Maryland isn’t an outlier. In January of last year, three University of Oregon football players were hospitalized for several days after workouts that reportedly included up to an hour of continuous push-ups and up-downs. Sixteen years earlier, Northwestern University defensive back Rashidi Wheeler died from asthma after collapsing during an offseason conditioning test that consisted of 10 100-yard, eight 80-yard, six 60-yard, and four 40-yard sprints with minimal rest between sets, covering far more distance in far less time than ever required in a football game.

After University of Central Florida receiver Ereck Plancher died from exertional sickling – a potentially fatal condition caused by excessive exercise for individuals with sickle-cell trait – following a 2009 offseason workout, an outside attorney hired by the university reviewed the school’s conditioning activities and found that they were “within the range normal to other Division I football programs.”

“These type of workouts don’t develop skill, and they’re not representative of what it takes to play the game,” Anderson says. “We don’t see heatstroke in football games, ever. We don’t see exertional sickling in football games, ever. But we see them in the offseason. If we’re seeing it in our training and not seeing it in the sport, something is wrong with our training.”

The good news, Anderson says, is that dangerous workouts can be made safe. Medical precautions like sideline cold tubs – which saved the life of Towson University lineman Cavin Glass in 2013 – can be put into place. No one has to die from running too many gassers. All that’s needed is a cultural overhaul, and safety rules to codify it.

Case in point: Eight years ago, the NCAA began requiring athletes to be screened for sickle cell trait as part of their mandatory preseason physicals. Over the previous decade, 10 college football players had died of exertional sickling during workouts – but since the rule was adopted, only one athlete, University of California lineman Ted Agu, has died of the condition under similar circumstances.

“We can prevent these things from happening,” Anderson says. “And we’ll still have good athletes and a good game of football.”

Of course, prevention requires change. And it’s unclear how far college football is willing to go. The NCAA’s sickle screening didn’t come from the proactive goodness of anyone’s heart – it came after the family of deceased Rice University defensive back Dale Lloyd II sued the school and the association, demanding mandatory tests as part of a settlement. Similarly, the NCAA helped create a 2012 list of best practices designed to prevent offseason workout deaths. But the organization doesn’t mandate those practices, nor punish schools that fail to follow them.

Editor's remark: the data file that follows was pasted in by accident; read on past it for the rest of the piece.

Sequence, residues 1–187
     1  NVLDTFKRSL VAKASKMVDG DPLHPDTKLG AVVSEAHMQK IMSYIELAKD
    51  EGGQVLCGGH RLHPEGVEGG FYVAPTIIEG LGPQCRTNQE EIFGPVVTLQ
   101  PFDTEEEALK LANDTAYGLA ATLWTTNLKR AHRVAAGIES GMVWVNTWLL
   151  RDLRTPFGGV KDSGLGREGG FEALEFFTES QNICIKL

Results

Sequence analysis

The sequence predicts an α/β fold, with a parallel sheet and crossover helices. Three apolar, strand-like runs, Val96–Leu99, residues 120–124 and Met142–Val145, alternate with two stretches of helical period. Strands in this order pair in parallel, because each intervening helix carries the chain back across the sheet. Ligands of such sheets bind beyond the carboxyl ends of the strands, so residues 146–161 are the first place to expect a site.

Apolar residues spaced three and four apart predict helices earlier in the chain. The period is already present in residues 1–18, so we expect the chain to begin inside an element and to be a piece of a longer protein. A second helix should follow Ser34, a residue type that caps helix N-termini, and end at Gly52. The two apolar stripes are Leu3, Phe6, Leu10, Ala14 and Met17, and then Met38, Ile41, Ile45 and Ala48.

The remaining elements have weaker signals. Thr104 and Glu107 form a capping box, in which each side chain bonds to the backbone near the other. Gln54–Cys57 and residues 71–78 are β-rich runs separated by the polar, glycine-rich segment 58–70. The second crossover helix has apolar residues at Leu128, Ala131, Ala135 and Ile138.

Meanwhile, schools send mixed messages. Agu died in 2014. Two years later, Cal admitted negligence and settled a wrongful death lawsuit with his family for $4.75m. Nevertheless, strength coach Damon Harrington – who oversaw Agu’s fatal workout and reportedly presided over a punitive culture that included encouraging a “Code Red”-style assault on running back Fabiano Hale after he missed a conditioning sessionremained in his position until last year. He now has the same job at Grambling State University.

Or take University of Iowa strength Chris Doyle. In early 2011, an offseason workout meant to determine “who wanted to be on the team” and consisting of 100 squats in 17 minutes followed by sled pushes left 13 football players hospitalized with rhabdomyolysis, a stress-induced syndrome that can damage cells and cause kidney damage and failure. Ten of those players had blood levels of creatine kinase about 120 times higher than Iowa players tested in subsequent fall practices; elevated levels of creatine kinase are associated with heart attacks and conditions that produce muscle and brain damage.

But never mind all that. Three months after the incident, Iowa coach Kirk Ferentz named Doyle his first-ever “most valuable coach of the year.” Today, he’s the highest-paid strength coach in the sport, with a base salary of $725,000.

“Pick a stakeholder or constituency group [in college football],” Anderson says. “I’ve had conversations over and over with them about conditioning and preventing deaths. And it’s not just me. Others have been involved as well. It just hasn’t resonated as a point of priority within the culture, period … we still live with Junction Boys syndrome.”

About those boys: Bryant’s extreme workouts drove most of his roster to quit. The players who remained went 1-9. During training camp, a player named Billy Schroeder suffered a heat stroke, and likely would have died had a local doctor not packed his body in ice. In response, Bryant ended camp a few days earlier than he planned. More than half a century later, college football has yet to take the hint. “Because it happens so often, there gets to be a little bit of acceptance of things,” Anderson says. “‘Well, football players die of heatstroke. That’s just a risk.’ I’m kind of wondering what body count we’re waiting for before we take some action.”